Manmohan Singh and Yusuf Raza Gilani hold the key to South Asia's progress, observes Sanjaya Baru, former media advisor to the Prime Minister.
The world is convinced that the 21st century will be Asia's century. The only question is whether it will be only East Asia's century or South Asia's as well.
China's great moderniser Deng Xiaoping famously told the late Rajiv Gandhi that "the 21st century can only be the Asian century if India and China combine to make it so". Prime Minister Manmohan Singh can well tell his Pakistani counterpart this week that the only way South Asia can become a vibrant element of the new Asian century is if India and Pakistan combine to make it so.
As leaders of the South Asian Association for Regional Cooperation (Saarc) meet later this week in Bhutan, they must all ask themselves where this important part of Asia is headed, even as Asia to our East moves relentlessly forward.
Do any of Saarc's members have a future that can be truly independent of their South Asian identity? Hardly. Can Pakistan hope to be part of a dynamic and rising Asia without resolving its problems at home and with India? Impossible. Can India sustain high growth for long, like China, without a more cooperative relationship with its neighbours, including Pakistan? Unlikely.
At the end of the first decade of the 21st century, South Asia stands once again at a cross roads. It can go forward, along with the more dynamic economies of East Asia, and emerge as the second engine of global growth by the middle of the century, or it can remain in a low-level equilibrium of poverty, conflict and perpetual instability.
If there are any political leaders or strategic analysts in any of the South Asian countries who think that their country can break loose from the neighbourhood and have a rosy future irrespective of what happens in the region, they live in a world of make believe.
The region has had such leaders before. Many in Pakistan thought they could delink from South Asia and attach themselves to the richer Arab and Islamic world to their west. Some in India thought New Delhi too can delink itself from its neighbourhood and "Look East" for prosperity. South Asia's smaller countries also had fanciful notions of their individual autonomy. Some, like the Maoists in Nepal and the Sinhala chauvinists in Sri Lanka, still see a future for themselves independent of the "Mother Continent".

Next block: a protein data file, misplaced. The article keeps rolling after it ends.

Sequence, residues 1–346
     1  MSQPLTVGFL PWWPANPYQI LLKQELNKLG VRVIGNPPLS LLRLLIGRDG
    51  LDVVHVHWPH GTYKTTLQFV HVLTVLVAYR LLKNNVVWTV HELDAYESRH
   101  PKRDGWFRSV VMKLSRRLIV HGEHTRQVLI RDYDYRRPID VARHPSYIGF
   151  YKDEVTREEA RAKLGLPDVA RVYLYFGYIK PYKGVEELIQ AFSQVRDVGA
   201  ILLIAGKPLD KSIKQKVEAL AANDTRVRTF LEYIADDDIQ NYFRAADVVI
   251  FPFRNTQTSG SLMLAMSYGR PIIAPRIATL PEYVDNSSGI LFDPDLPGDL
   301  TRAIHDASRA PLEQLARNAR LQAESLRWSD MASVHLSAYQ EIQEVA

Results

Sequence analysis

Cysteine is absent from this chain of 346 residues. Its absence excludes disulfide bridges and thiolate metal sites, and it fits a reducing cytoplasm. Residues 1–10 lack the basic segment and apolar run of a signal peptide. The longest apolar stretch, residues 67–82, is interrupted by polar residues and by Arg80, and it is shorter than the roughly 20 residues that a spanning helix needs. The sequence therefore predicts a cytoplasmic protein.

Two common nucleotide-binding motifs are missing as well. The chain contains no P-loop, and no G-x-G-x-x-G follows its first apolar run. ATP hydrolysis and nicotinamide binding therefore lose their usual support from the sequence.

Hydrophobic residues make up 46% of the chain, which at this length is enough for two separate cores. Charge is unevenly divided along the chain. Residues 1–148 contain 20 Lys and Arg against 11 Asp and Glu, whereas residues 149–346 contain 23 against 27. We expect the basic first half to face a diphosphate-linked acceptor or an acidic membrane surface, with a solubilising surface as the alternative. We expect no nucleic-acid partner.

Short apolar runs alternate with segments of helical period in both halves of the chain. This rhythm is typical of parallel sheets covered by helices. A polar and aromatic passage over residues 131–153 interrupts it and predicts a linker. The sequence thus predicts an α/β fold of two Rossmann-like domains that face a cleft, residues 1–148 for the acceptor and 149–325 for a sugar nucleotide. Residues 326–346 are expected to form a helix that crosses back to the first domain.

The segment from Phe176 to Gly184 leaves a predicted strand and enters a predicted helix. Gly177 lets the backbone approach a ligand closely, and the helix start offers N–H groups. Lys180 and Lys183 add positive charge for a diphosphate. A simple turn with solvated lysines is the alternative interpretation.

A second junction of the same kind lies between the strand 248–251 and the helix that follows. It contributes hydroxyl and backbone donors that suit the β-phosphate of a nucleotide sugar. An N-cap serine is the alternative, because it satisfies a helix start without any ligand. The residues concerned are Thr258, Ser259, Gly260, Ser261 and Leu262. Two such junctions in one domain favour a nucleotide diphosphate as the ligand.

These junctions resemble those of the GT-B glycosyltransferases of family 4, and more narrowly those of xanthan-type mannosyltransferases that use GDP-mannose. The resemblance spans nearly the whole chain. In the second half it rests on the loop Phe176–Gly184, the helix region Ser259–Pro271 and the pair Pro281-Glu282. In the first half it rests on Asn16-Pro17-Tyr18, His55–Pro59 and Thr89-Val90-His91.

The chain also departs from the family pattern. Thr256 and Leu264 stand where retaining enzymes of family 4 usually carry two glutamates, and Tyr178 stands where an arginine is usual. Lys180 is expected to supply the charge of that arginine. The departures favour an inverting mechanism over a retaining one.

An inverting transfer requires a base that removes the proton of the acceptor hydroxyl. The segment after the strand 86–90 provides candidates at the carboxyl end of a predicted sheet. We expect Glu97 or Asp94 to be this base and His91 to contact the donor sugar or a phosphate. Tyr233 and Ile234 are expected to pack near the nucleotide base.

The saner lot, even in Pakistan, recognise that what geography and economics propose, mere politics cannot dispose.
If Saarc has to be revived and made a more dynamic regional organisation, then India and Pakistan must get their act together. Both countries have huge internal problems and there are constituencies for peace in both countries, just as there are constituencies for exporting domestic problems across the border in both. Pakistan has used terror to thwart India's progress, but the elephant moves on at a handsome pace of 8 per cent and more, even as Pakistan has slowed down to 2-3 per cent growth in recent years.
The last few years have, however, shown that the two neighbours owe it to their own people and their region as a whole to amicably resolve their differences, if each of the two countries and the region as a whole have to move forward.
The starting point of any meaningful dialogue between India and Pakistan is for the two to recognise each other's concerns. Pakistan must demonstrate much greater understanding of India's concerns about cross-border terrorism and the need to convince Indian public opinion about its sincerity in dealing with the planners and perpetrators of the 26/11 Mumbai and several other terrorist attacks.
Equally, India must address Pakistan's genuine fears about river water utilisation and deal convincingly with the issue of Kashmir. Pakistan must rid itself of baseless fears about Indian attempts to destabilise it because any destabilisation of Pakistan can only hurt India even more.
The dialogue between Dr Singh and former Pakistan President Pervez Musharraf began with the mutual acknowledgment of these realities and each other's concerns. It reached a critical point of mutual agreement when President Musharraf got dethroned.
It appears Prime Minister Yusuf Raza Gilani is fighting shy of picking up the threads from where President Musharraf had left them off. Much water has flown down the Indus and US President Barack Obama's AfPak policy has muddied the waters. It has certainly encouraged Pakistan to overplay its hand.
Dr Singh should remind his counterpart that despite all the money the US is pouring into Pakistan, its economy is in doldrums, with mounting debt, 3 per cent growth and 9 per cent inflation. Pakistan has itself become a victim of the jihadi terrorism and internal conflict.
If realism on Pakistan's part implies getting a reality check on India's relative size and success, realism on India's part implies coming to terms with Pakistan's power to be a spoiler. Dr Singh and Mr Musharraf came around to getting a balanced and correct view of each other's strengths and weaknesses. They worked out a realistic modus vivendi. Mr Gilani and his friends in the Pakistan army must catch up and get real.
A realistic and pragmatic leadership in the region is one which tries to resolve cross-border issues so that domestic problems can be handled better. The challenge for every Saarc government is at home and unless domestic problems are tackled, the region will not progress or congeal.
India and Pakistan bear a special responsibility to revitalise Saarc as the region's biggest nations. The India-Pakistan quarrel has made Saarc non-functional. A resolution of the disputes between the two is vital to the region's development.
It was in April 2005 that Dr Singh and Mr Musharraf began writing a new chapter in South Asian history. April 2010 would be a good month to get that project back on track.